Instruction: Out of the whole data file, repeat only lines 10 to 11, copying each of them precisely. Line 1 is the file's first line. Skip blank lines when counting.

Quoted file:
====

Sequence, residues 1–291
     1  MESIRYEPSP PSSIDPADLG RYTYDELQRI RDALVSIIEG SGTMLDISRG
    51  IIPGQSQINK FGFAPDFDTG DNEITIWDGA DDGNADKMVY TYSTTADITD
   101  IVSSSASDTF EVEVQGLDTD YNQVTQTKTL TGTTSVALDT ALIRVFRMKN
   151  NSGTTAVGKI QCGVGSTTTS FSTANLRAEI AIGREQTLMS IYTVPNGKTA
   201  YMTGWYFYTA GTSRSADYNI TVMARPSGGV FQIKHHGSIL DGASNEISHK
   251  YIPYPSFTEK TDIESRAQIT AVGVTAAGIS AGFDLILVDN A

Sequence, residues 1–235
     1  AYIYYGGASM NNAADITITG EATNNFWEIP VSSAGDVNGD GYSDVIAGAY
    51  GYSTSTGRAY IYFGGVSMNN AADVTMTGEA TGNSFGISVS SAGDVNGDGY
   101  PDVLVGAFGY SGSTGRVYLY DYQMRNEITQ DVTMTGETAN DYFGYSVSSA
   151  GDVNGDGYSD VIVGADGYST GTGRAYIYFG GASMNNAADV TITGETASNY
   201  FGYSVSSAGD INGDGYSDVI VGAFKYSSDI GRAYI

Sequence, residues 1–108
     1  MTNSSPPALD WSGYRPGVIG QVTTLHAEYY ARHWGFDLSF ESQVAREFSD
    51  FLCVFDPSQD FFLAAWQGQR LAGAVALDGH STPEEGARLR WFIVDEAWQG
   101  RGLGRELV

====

    51  GYSTSTGRAY IYFGGVSMNN AADVTMTGEA TGNSFGISVS SAGDVNGDGY
   101  PDVLVGAFGY SGSTGRVYLY DYQMRNEITQ DVTMTGETAN DYFGYSVSSA